“As California confronts our housing crisis, we urgently need more affordable homes for low-income Californians. As the voice of affordable housing in Southern California, the Southern California Association of NonProfit Housing (SCANPH) supports policies that prioritize development of new housing, especially affordable housing,” added Frank Martinez, policy director of the Southern California Association of Non Profit Housing. “We must deliver relief to Californians and low-income working families burdened by ever increasing-housing costs, and SB 330 will help to give more Californians safe, stable, and affordable places to live.”

SB 330 is based on the premise that much of the housing California needs has already been approved in concept by local governments through existing zoning rules, housing elements, and other plans. According to a 2019 report by UCLA Lewis Center for Regional Policy Studies, California cities and counties have approved zoning for 2.8 million new housing units.

But that housing is not getting built. In fact, the number of residential building permits in the first six months of this year plummeted nearly 20% compared with the same period in 2018.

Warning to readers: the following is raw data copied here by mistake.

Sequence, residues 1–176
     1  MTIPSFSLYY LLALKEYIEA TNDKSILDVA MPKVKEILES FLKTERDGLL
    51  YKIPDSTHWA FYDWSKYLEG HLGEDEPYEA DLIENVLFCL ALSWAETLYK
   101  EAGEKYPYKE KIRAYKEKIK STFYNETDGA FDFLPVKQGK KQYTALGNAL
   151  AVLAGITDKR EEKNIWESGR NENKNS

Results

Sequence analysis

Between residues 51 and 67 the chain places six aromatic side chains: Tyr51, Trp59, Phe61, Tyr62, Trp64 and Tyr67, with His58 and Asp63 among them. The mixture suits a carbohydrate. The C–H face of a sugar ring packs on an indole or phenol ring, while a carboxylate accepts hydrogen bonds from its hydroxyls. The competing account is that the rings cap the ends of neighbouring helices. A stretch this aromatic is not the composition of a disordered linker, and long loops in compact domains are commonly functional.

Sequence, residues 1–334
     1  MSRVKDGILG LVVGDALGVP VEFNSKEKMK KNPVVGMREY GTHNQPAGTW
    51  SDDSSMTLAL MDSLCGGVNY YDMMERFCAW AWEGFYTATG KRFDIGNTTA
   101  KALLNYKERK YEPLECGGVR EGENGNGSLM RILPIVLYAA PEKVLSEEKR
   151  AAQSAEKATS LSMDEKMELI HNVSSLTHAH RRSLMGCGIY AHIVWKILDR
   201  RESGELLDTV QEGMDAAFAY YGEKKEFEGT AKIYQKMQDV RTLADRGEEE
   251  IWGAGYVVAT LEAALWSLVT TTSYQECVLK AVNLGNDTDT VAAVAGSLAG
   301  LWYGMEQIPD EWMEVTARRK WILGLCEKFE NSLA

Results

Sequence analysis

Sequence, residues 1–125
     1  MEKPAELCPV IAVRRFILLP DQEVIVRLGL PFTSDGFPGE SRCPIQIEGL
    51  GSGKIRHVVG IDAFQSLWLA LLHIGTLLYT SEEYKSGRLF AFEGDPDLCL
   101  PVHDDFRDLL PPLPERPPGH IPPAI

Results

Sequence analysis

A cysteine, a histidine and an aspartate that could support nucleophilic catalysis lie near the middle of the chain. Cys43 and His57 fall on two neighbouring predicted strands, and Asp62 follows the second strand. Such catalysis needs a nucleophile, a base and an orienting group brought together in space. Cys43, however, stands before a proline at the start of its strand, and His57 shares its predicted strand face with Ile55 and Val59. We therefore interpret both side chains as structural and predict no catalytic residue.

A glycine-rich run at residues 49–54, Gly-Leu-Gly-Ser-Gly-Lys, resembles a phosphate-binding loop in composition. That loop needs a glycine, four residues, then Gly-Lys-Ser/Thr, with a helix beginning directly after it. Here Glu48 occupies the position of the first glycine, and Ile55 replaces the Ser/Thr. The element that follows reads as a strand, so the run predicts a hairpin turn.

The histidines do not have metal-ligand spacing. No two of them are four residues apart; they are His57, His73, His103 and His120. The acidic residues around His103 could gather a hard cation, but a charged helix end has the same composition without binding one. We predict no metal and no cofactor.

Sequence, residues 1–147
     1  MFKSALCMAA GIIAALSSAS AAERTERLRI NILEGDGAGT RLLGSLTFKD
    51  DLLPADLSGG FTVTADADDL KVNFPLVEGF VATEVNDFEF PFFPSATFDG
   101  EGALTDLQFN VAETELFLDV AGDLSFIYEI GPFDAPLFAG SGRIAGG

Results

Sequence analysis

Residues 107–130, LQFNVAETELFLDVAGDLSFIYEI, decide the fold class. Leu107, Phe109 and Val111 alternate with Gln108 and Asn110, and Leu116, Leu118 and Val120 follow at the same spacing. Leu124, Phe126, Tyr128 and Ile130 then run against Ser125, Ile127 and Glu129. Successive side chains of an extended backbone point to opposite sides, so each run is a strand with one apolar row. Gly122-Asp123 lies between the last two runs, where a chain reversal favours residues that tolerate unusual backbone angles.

Recent studies have pointed to two major causes for the homebuilding slowdown: Cities and counties often levy burdensome fees on housing projects, and those trying to build housing, whether a single-family home or a multiunit affordable development, frequently face lengthy delays after submitting their permit application.

SB 330 is designed to address these problems. Until 2025, the new law requires cities and counties to slash the time it takes to process permits for housing that meets the local government’s existing rules, and it caps the number of public hearings on a housing project proposal at five. Cities and counties are also prohibited from hiking fees or changing permit requirements once the project applicant has submitted all the preliminary required information. Additionally, urban areas are barred from changing building design standards, reducing the number of housing units allowed (downzoning), establishing a population cap, or enacting moratoriums on new housing construction.